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National Historic Boat Sites

If you’ve never been on a boating excursion before then you should know that it can be an incredibly fun and relaxing group activity. However, simply going out on a boat into open waters can seem quite boring for some people. In order to make it more exciting, it’s a good idea to spice it up with a couple of interesting sights. Whether it’s a lighthouse, forts, museums or even shipwrecks, finding a unique location to explore can be a lot of fun. So to help you out, we’ve put together a list of national historic boat sites that you could consider exploring from the water.

Fort Adams

Located in Newport, R.I, Fort Adams was first garrisoned in 1841 and used as an active army post until 1950. The fort still looks just as imposing as it did over a hundred years ago. Fortunately, you don’t have to worry about approaching the fort with cannon fire going off around you. Instead, you’re free to use a courtesy dock so that you can take one of the many guided tours of the fort’s interior. This is a great opportunity to learn more about Fort Adams and its significance.

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Conneaut West Breakwater Lighthouse

National Historic Boat Sites

Conneaut is well-known for its long succession of lighthouses, but the West Breakwater Lighthouse is arguably one of the most iconic in the area. Located around 36 miles from the harbor in Erie, Pa, it was commissioned in 1936 and automated in 1972. You could see the light roughly 17 miles out into Lake Erie back when it was originally built, but it has since taken on a more modern design that screams art deco. Unfortunately, it’s not open to the public so you can’t get inside to tour it. Thankfully, admiring it from the water is free, making it a great destination to visit by water.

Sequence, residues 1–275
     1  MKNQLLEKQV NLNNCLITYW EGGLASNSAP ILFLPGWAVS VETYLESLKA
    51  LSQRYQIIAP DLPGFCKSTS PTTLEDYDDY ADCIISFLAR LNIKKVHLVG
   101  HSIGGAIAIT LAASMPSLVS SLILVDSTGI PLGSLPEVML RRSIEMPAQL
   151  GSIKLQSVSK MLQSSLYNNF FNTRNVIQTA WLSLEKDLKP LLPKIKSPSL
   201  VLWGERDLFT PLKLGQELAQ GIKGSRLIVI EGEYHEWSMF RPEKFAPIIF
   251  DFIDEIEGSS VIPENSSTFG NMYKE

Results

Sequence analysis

Fort Jefferson

Fort Jefferson is located on Garden Key in the Dry Tortugas National Park. roughly 70 miles west of Key West. The fort itself took almost 30 years to build. In fact, it was abandoned a year before construction officially concluded, but even then, the fort wasn’t considered to be “finished”. Guided and self-guided tours of Fort Jefferson are available, where you can learn about Dr. Samuel Mudd and the USS Maine. Boaters can park their vessels at the dock, but you will need a permit for this.

USS Drum and USS Alabama

National Historic Boat Sites

If you ever find yourself in Mobile Bay then you might come across the USS Drum and USS Alabama. The USS Drum sank a total of 15 enemy ships, and the USS Alabama served in the Atlantic and Pacific during World War 2. These storied vessels are a fantastic place to visit from the water and you’ll get to learn plenty about the crews and the battleships themselves. Of course, you could just admire their sheer size and scale from the water as well!

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Shiloh National Military Park

The Shiloh National Military Park is roughly 4,000 acres in size, containing a battlefield, military cemetery and the Shiloh Indian Mounds Site. Boaters can float by on the river to see where the

battle took place, but there’s no docking space nearby to let you get onto the site itself. Still, it’s a great place to go past if you ever find yourself on the Tennessee River.

Memphis and Arkansas Memorial Bridge

National Historic Boat Sites

Stretching almost a mile long, the cantilever-style Memphis and Arkansas Memorial Bridge brings Arkansas and Tennessee together. As part of Interstate 55, it still sees regular traffic and is a gorgeous site that boaters on the Mississippi River have access to. You can check out the bridge itself before tying up at a Memphis marina to explore the local area. There are plenty of interesting museums and historic sites around the memorial bridge, and even Bass Pro Shops to explore if you have a penchant for fishing.

Lamar Boulevard Bridge

Lamar Boulevard Bridge is recognized for its architectural significance. However, it’s also well-known for its importance in Austin’s transportation history. To this day, the bridge still carries plenty of traffic and its design has stood the test of time. While no motorized boats are allowed through this stretch of the Colorado River, you can break out a kayak or canoe to see the bridge up close. This is a brilliant place to visit for a day out, but do remember that you’ll need to change to a non-motorized boat if you want to get up close to the site.


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